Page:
The report confirmed suspicions on the Left that police unconstitutionally harassed African-American males. From the Right came reflexive defenses of the police.
Both have a point. And both miss the point. As does the report itself.
The Justice Department alleges that the Baltimore Police Department engaged in a pattern and practice of unlawful and unconstitutional behavior. The report found “systemic deficiencies” – police are poorly trained, poorly monitored and not held “accountable for misconduct.” The city has not supplied its officers “the necessary equipment and resources they need to police safely, constitutionally and effectively.” Those shortcomings have resulted in “constitutional and statutory violations.”
Substantiating such “pattern and practice” allegations requires no evidence. Mere arithmetic will do. If police frequently stop and search African-Americans in a particular neighborhood, DOJ infers institutional racism. The neighborhood’s open air drug markets and elevated levels of violent crime are at best incidental to its analysis.
“Willing To Do What It Takes”
DOJ has demanded that the city abandon its “zero tolerance” policy. Advocates of the policy believe that attacking disorder (e.g., arresting people for minor offenses like loitering) prevents more serious crimes. DOJ contends that such policies lead to unconstitutional actions by police reflected in “large numbers of stops, searches and arrests.” It has insisted that Baltimore officials end the practice.
The city will comply. Baltimore Mayor Stephanie Rawlings-Blake asked the DOJ to undertake the investigation. She has pronounced herself “willing to do what it takes to reform my department.” That means spending scarce resources to catechize police on a fresh list of “do’s and don’ts.”
The new police practices won’t stop the carnage. Baltimore suffered 344 homicides last year – a per capita record. Most perpetrators and victims were young, black males. Murders occurred more frequently after a man named Freddie Gray died after suffering injuries while in police custody. The April 2015 incident provoked riots and bloodshed. Baltimore’s homicide rate has remained elevated ever since.
Nor is the spike in murders of young African-Americans limited to Baltimore. An academic study commissioned by DOJ found that the “homicide increase in the nation’s large cities was real and nearly unprecedented.” It is too soon to say whether a broad retreat from “zero tolerance” policies among urban police forces contributed to this increase.
A Conflict For Conservatives
As a conservative, I find myself conflicted. I am offended both by those who hurl charges of racism to legitimize crime, incite violence and enrich themselves (see Sharpton, Al) and by police who resort to excessive – and sometimes lethal — force.
Indeed, the whole idea of a police force occupying our streets is a relatively recent one. The Founders did not imagine that government would deploy quasi-military forces to establish minimal levels of public safety. Deteriorating social conditions in some communities necessitated this intervention.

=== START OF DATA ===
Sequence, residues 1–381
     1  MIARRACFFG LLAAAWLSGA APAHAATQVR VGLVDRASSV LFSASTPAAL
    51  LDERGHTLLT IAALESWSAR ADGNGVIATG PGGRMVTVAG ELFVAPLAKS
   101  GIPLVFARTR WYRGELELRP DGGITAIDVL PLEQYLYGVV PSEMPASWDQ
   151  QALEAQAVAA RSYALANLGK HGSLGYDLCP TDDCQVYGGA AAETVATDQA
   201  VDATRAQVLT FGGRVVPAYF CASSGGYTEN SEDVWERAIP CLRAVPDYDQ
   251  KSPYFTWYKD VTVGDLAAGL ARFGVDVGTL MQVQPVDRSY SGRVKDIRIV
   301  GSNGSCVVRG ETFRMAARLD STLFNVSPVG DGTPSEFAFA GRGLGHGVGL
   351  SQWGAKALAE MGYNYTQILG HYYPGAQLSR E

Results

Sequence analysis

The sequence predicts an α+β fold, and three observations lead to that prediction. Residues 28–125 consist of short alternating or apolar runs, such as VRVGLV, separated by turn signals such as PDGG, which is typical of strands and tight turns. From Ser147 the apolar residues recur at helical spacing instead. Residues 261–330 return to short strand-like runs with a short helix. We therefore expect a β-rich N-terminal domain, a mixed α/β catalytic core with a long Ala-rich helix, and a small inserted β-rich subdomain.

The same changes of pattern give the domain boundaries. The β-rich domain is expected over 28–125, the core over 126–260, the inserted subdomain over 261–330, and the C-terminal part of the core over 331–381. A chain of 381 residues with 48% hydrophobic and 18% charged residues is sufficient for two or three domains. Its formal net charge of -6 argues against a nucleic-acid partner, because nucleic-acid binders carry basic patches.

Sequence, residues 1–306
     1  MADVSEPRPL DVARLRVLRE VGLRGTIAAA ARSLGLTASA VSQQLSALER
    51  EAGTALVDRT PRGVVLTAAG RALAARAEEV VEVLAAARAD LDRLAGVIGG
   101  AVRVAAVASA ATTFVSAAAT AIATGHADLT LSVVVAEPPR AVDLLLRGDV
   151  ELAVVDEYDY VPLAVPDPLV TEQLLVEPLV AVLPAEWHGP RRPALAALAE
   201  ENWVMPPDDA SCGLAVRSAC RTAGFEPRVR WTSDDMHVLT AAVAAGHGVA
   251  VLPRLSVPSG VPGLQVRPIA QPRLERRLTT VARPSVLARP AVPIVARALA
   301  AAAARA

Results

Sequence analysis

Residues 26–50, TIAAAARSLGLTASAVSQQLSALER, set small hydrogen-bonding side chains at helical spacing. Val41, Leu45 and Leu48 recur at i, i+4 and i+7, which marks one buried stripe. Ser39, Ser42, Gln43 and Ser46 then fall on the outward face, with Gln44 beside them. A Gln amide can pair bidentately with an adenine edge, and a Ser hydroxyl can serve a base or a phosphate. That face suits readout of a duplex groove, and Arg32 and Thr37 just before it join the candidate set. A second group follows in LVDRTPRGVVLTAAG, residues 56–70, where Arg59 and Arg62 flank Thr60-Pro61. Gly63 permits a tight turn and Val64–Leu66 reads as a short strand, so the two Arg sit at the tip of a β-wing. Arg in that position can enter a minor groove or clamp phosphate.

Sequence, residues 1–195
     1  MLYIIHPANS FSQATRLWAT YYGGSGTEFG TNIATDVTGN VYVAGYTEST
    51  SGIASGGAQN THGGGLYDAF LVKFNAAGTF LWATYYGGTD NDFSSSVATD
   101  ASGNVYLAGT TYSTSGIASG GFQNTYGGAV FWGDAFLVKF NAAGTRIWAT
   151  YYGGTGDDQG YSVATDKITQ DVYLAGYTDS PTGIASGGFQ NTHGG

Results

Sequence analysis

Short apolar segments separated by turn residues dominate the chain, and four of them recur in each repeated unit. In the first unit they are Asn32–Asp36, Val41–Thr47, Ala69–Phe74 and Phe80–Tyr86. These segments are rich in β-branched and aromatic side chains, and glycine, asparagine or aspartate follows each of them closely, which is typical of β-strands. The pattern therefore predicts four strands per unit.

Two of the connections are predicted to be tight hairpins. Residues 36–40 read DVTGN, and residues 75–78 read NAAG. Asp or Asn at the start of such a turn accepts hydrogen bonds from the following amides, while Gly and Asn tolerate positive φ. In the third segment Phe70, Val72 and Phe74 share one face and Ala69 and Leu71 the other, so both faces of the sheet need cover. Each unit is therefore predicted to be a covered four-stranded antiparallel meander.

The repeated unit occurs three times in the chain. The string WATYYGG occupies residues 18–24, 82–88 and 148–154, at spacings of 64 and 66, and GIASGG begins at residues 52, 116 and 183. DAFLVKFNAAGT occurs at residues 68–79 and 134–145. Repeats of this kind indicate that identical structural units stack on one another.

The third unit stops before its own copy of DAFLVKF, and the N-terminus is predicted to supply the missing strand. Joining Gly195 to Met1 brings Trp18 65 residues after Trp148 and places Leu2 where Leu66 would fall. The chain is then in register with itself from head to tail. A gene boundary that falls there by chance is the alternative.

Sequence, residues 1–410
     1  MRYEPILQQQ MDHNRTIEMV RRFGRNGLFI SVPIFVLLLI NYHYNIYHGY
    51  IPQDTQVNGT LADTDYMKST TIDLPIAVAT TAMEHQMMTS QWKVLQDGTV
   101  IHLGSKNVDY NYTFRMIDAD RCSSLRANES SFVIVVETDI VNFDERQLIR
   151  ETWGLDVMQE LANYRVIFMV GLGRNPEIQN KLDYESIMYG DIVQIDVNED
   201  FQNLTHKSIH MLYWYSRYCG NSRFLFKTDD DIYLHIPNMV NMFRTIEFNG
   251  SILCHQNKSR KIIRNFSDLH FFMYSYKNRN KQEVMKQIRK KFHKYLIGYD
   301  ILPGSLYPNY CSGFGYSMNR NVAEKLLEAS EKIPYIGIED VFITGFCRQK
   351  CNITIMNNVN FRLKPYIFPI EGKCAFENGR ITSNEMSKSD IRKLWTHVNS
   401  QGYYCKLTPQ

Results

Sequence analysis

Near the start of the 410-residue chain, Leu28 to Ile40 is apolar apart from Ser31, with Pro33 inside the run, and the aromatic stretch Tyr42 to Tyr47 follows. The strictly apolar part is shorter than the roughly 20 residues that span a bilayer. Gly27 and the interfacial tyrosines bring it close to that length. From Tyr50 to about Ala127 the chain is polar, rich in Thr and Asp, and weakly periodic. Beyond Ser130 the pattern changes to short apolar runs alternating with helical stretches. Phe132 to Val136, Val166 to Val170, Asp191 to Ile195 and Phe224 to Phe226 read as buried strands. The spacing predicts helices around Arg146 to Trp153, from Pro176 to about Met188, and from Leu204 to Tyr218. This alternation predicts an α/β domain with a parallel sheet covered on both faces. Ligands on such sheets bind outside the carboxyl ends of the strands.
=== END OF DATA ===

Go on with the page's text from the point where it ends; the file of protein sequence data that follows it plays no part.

Government is prone to abuse its power, overspilling constitutional limits. The notion that police can stop someone because he looks like the sort who might be up to no good is constitutionally suspect.
But placing excessive constraints on police risks putting citizens at the mercy of violent thugs. Both are paths to tyranny.
The Point DOJ Missed
And that is the point the DOJ, as well as most commentators on the Left and Right, seem to have missed.
The fundamental issue is not police protocols, but the effacement of social norms in many neighborhoods. Communities where such norms have broken down have no good options. They can tolerate constitutionally questionable police tactics or slide further toward a brutal dystopia.
In the communities where most Americans live, the prevailing (though hardly universal) norms include getting a job to support yourself and your family, deferring childbirth until after marriage, caring for your children without public assistance and maintaining your property. Broad adherence to such values is essential to a peaceful society. Government neither devised these norms nor enforces them. On the contrary, these values supply the necessary social conditions for constitutional government.
Our government, paradoxically, has spent hundreds of billions of dollars subsidizing behavior that flouts these norms. It rewards choices that corrode personal and social responsibility. These subsidies present themselves as blossoms of compassion but yield a bitter fruit: whole communities terrorized by young men with guns.
Government’s response to the problem it helped incubate is an armed counterinsurgency. Liberals are uneasy with this. Conservatives should be.
But the discussion should expand beyond arguments over matters of race, law enforcement techniques and government’s role in maintaining order. It should instead center on the cause of violence in our streets: the erosion of cultural norms on which freedom and self-government depend. There are no remedies for communities in which those norms have worn away, only a simmering cauldron of perpetual conflict.
If I lived in Freddie Gray’s neighborhood, I would both resent the police and want them to protect me from the likes of Freddie. I would hold these two conflicting impulses with equal fervor. I would be relieved when the cops shot some kid who had been making my life and those of my neighbors miserable. I also would resent the police for shooting that kid and suspect they did it out of contempt for people of my race. My resentments would arise from the misery of living among armed men — some criminal, some dispatched by the government — fighting for control of the streets.
I’d wish they all would go to hell.